how does weed affect custody

Marijuana and Child Custody: Can I Still Smoke Weed?

Goldberg JonesChild Custody, Child Support, Featured Posts 1 Comment

Marijuana had been legal in our neighbors to the north, Washington and Oregon, for a number of years. Though medical use was allowed in California for some time, recreational use was not. That all changed at the beginning of 2018, when Proposition 64—the Adult Use of Marijuana Act—a measure approved by California voters, took effect and allowed for the purchase and sale for personal use.

Legally speaking, even a few years later, a haze still surrounds recreational cannabis use.

Federally, marijuana remains illegal. While growth, sale, and consumption are also heavily regulated, Prop 64 impacted laws, taxes, and even criminal proceedings.

Since it’s only been legal for a relatively short time, the true scope and scale of these changes remain to be seen. From our perspective, as family law attorneys, we find one area especially interesting: how legal marijuana impacts child custody.

Related Reading: Digital Snooping and Divorce

As a result of its recent legal status, there’s not a ton of concrete information about how cannabis use influences child custody cases. It remains something of a grey area.

From a strictly legal, letter-of-the-law perspective, marijuana use parallels alcohol. Simple causal use shouldn’t have a negative impact on your custody claims. But, like with alcohol, if it becomes a problem, or potentially puts your children in harm’s way, it may become an issue.

In custody cases, the best interests of the child take precedence over everything else.

However, the reality is that marijuana and alcohol aren’t always treated the same way. With no set-in-stone rules and regulations, much remains open to interpretation.

Like it or not, there’s still a stigma attached to cannabis.

It’s become much more common; with pot shops popping up all over the place, it’s a normal part of the landscape. They look like the professional businesses that they are. But that doesn’t always change the public’s mind.

Though California and many other states consider it legal, the federal government classifies marijuana as a Schedule 1 drug, like heroin or LSD.

The stereotype of the stoner, slumped on the couch, surrounded by a cloud of smoke, watching cartoons elbow-deep in a holiday-size bucket of caramel and cheddar popcorn, is tough to shake.

Many people view drinking a beer around your kids much differently than smoking a joint around them. This also brings up issues of second-hand smoke similar to smoking cigarettes near children. There are also vaping, tinctures, and other delivery methods to consider.

Basically, the reaction varies from one person to the next. Your social circle may not give cannabis use a second thought. Other people, however, may not hold the same views.

Child custody disputes often become stressful and combative, with each side looking for any advantage. If it gets that far, your ex may very well present the fact you use marijuana to paint you and your parenting ability in a negative light.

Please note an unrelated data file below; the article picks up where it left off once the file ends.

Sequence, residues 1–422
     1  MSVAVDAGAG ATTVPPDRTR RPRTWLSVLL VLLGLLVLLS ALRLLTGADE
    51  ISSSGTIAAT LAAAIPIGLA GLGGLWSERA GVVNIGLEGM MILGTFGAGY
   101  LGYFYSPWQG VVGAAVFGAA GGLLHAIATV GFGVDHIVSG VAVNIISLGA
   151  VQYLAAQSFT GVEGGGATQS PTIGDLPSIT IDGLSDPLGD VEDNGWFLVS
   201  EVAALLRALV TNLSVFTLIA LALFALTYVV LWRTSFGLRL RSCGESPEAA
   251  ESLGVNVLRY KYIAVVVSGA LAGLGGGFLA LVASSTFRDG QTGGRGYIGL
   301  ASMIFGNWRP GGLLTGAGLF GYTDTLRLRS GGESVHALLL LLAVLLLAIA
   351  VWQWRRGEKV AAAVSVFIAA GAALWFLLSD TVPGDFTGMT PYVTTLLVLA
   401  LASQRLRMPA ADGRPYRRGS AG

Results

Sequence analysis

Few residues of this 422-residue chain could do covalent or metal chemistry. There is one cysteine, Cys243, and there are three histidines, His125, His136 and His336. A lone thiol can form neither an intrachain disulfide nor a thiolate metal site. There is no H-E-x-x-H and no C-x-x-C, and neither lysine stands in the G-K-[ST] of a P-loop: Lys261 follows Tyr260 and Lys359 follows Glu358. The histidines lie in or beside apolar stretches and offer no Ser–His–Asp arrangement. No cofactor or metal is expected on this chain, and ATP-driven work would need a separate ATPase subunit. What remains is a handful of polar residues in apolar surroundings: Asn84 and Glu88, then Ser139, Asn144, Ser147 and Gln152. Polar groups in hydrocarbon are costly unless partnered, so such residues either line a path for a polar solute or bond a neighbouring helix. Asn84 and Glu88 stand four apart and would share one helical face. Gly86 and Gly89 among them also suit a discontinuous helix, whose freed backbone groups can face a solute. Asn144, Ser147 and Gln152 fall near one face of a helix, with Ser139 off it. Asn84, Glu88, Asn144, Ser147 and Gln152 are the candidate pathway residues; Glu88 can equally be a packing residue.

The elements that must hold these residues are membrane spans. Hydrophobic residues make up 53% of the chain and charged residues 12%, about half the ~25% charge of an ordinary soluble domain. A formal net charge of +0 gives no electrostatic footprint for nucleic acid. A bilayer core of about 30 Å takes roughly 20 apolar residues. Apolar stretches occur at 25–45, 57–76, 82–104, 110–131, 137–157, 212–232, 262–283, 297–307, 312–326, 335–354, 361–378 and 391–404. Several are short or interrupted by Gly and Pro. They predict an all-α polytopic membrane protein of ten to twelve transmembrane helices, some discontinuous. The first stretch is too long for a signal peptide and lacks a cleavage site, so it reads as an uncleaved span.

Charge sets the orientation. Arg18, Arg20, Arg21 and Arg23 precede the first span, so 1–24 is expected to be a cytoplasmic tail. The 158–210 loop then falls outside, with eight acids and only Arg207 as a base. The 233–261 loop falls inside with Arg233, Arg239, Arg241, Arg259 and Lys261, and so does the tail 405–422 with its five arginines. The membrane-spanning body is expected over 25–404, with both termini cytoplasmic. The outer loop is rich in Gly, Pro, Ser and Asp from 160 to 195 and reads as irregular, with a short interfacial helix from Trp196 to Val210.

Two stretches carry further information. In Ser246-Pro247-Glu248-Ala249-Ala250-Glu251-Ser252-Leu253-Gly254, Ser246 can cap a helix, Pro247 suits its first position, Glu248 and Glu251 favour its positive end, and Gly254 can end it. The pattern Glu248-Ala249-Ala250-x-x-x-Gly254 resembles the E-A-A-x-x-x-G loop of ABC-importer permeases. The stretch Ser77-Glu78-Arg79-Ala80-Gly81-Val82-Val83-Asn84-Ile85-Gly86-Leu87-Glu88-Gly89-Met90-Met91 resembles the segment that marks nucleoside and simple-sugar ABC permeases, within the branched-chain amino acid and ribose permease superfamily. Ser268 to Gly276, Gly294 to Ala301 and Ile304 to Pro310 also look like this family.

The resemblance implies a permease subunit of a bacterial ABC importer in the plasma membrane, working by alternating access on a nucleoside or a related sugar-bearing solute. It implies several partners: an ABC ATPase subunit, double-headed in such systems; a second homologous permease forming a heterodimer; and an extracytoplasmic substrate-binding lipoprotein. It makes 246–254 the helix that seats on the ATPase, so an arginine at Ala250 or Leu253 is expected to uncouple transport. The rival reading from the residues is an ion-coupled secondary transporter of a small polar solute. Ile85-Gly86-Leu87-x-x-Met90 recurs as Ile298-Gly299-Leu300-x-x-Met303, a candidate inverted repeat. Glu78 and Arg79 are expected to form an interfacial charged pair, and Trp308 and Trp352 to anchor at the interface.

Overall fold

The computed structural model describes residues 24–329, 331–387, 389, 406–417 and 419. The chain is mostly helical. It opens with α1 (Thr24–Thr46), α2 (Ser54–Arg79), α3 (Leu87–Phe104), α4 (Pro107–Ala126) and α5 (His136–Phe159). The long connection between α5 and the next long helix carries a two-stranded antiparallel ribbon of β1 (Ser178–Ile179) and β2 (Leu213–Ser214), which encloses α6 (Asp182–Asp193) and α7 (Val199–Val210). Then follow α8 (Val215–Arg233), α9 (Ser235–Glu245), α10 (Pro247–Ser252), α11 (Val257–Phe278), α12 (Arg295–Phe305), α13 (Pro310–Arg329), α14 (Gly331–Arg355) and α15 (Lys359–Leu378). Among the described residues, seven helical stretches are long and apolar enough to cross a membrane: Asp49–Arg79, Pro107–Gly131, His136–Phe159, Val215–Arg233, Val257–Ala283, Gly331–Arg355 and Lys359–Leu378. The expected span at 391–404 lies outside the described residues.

Even if that’s not true, it’s something you may have to contend with.

Related Reading: I Pay Child Support, but My Ex Denies Visitation. Is that Legal?

Protecting Yourself

As we’ve said, using recreational cannabis alone shouldn’t ruin your custody claims. It may well play a part, but it shouldn’t derail everything.

Shouldn’t is the keyword.

That doesn’t mean it won’t factor into your situation at all. You do, however, have steps you can take to protect yourself, your kids, and your custody case.

The best way to help yourself is to be smart and use common sense:

  • Don’t leave paraphernalia lying around where your children have access to it.
  • Limit your kids’ exposure, even if you’re only an occasional user.
  • Keep your stash secure, especially if you have edibles, like cookies or candy. You don’t want your kid to be looking for a snack and grabbing the wrong brownie.

Don’t be reckless. Taking these steps not only creates a safe environment for your kids, but also the appearance of one.

Again, alcohol consumption offers something of a roadmap. Having a beer or cocktail now and then probably won’t damage your case. But if it impairs your ability to care for your children, it’s going to cause waves. The same goes for cannabis use.

Substance abuse, regardless of the substance, will most likely come up in a child custody dispute. If you smoke with your kids in the room, if you get high and forget to pick them up after soccer practice, or if, god forbid, you light up and get behind the wheel–especially if your kids are in the car–that will come back on you. And it’s not a good look.

Recreational marijuana may be legal in California now. You may be able to buy it at the new pot shop in the strip mall down the way. But that doesn’t mean it won’t impact your custody case. It’s important to know the potential ramifications. All of them.

How much weight it carries likely varies from one case to the next and from judge to judge.

If you have questions about the impact of marijuana use on a custody case, it’s probably in your best interest to talk to an attorney. They can offer a realistic idea of what to expect.

But in the end, if you have serious concerns about legal marijuana and child custody, your best option is to take a break. Don’t give your ex any more ammunition to use against you than you have to.

Related Reading: Why You Need a Parenting Plan

Comments 1

  1. It is a wonderful article and nice topic to discuss upon. I highly suggest to drop the idea of smoking weed in front of a child or totally drop the idea of smoking weed if its not important or recommend by your doctor.
    As “Goldberg Jones” has said in this post, “Don’t be reckless, and take steps to creates a safe environment for your kids.”

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